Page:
Like twenty-year-olds of every hue, Eddie is soon to take his Ishihara, the color test that will measure the precise degree of Eddie's color perception, and thus establish his permanent place in Chromatacian society. He has always suspected that he is a high-level Red, but Eddie has also hedged his bets by wrangling a half-promise of marriage from Constance Oxblood, a prominent and wealthy string heiress.

Although Eddie hopes to better his rank through marriage and a prestigious job with National Color—the governing body that oversees the production of universally visible artificial colors—he is not a total conformist. In addition to playing a trick on the local Head Prefect's son, he once "suggested a better way to queue… [and] was fined thirty merits for 'insulting the simple purity of the queue'" (p. 29).

Once in East Carmine, Eddie finds life in the Outer Fringes even more challenging than he'd imagined. A de Mauve appropriates Eddie's Open Return ticket, an Ochre is dead from a suspicious overdose of Lincoln (125 – 66 – 53), and his meals are regularly stolen by the Apocryphal man who doesn't exist and therefore cannot be stopped. To top it all off, Eddie's rival back in Vermillion is taking advantage of his absence to win Constance's affections.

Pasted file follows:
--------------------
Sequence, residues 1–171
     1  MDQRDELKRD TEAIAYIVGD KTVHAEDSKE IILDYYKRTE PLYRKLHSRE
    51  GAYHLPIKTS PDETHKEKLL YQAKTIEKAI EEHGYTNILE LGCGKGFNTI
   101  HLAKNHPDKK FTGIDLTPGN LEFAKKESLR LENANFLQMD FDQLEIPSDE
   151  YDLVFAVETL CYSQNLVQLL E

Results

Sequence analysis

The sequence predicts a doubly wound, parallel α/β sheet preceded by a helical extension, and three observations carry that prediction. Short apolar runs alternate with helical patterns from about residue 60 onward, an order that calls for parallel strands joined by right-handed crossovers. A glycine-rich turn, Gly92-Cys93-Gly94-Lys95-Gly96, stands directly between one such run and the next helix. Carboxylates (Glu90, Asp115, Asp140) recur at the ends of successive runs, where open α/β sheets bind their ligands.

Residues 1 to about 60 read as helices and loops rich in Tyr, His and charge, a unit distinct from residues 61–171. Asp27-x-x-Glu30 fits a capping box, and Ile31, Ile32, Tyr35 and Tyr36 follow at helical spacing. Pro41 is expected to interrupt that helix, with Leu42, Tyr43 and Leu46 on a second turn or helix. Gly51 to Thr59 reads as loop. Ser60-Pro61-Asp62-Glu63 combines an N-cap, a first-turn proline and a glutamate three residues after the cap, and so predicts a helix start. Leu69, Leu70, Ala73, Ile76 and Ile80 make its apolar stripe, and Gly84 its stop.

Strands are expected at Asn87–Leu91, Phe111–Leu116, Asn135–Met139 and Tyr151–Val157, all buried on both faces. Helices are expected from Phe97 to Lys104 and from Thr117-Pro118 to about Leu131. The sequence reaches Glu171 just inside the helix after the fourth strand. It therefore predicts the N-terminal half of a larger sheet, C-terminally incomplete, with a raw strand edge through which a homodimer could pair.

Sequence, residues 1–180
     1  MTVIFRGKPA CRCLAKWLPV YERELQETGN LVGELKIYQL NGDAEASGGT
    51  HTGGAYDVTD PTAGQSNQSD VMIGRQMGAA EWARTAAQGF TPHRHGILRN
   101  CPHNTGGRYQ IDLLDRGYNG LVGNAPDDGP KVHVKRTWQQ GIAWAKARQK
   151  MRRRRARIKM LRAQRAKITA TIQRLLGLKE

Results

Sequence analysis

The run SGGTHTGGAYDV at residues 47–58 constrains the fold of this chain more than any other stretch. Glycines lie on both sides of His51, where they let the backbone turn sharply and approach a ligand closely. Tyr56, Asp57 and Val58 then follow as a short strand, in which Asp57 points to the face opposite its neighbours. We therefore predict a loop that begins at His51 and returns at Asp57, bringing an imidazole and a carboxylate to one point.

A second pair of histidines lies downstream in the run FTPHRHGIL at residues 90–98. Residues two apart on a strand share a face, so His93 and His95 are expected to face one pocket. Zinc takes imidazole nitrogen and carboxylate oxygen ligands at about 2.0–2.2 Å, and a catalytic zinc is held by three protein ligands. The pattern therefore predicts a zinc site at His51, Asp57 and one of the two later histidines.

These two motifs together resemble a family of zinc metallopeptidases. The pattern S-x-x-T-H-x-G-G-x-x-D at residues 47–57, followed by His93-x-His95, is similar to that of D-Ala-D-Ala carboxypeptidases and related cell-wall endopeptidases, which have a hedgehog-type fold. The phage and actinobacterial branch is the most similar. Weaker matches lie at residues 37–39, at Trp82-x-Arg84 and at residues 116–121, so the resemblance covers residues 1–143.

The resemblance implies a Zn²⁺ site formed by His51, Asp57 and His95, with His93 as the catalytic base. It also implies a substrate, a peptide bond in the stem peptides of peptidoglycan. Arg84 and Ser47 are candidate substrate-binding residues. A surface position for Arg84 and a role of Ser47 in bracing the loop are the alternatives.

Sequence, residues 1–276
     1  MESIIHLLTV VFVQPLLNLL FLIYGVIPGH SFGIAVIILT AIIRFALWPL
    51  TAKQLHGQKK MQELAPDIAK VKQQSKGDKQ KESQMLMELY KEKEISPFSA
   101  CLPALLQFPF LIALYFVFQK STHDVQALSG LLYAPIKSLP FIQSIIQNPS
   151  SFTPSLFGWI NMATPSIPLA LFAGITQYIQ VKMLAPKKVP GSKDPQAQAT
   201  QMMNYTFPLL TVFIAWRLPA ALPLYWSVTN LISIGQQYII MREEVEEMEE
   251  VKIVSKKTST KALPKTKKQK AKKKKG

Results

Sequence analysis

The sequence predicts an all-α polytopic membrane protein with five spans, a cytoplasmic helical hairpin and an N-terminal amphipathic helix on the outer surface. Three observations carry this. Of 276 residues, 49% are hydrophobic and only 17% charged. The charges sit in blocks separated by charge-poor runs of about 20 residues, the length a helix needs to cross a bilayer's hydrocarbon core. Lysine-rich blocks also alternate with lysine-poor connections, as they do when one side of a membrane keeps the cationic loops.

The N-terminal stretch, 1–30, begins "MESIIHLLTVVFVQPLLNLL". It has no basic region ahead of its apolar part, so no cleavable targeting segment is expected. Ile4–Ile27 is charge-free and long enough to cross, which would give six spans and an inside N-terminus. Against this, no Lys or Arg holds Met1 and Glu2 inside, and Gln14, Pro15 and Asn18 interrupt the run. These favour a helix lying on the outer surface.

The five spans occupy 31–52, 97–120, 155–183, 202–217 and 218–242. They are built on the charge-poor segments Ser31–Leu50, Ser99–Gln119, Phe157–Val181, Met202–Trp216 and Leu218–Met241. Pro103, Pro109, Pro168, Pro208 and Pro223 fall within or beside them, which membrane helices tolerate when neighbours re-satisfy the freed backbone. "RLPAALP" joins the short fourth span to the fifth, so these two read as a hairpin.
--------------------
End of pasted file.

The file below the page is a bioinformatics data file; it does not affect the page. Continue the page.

Things finally start to look up when Jane downgrades her hostility toward him to a mild contempt. And then His Colorfulness, Matthew Gloss, turns up in East Carmine—ostensibly for "a Magenta feed-pipe leakage" (p. 200)—and Eddie sees an opportunity to finagle a coveted recommendation to National Color.

Yet, Eddie can't stop himself from asking questions—even after Jane's warning that "cozy ignorance is the best place for people like you" (p. 110). Who were the "Previous," and what was the "Something That Happened"? How is it that a Red might marry a Grey, but not a Green? Why is it forbidden to produce new spoons? And has anyone actually read all "seven hundred and eighty-two volumes of The Word of Munsell (unabridged)" (p. 267)?

As Jane's impudence leads her closer to Reboot and Eddie's plums suddenly become coveted property, the two find themselves undertaking an expedition beyond the Outer Markers to High Saffron, where a dark secret lies buried.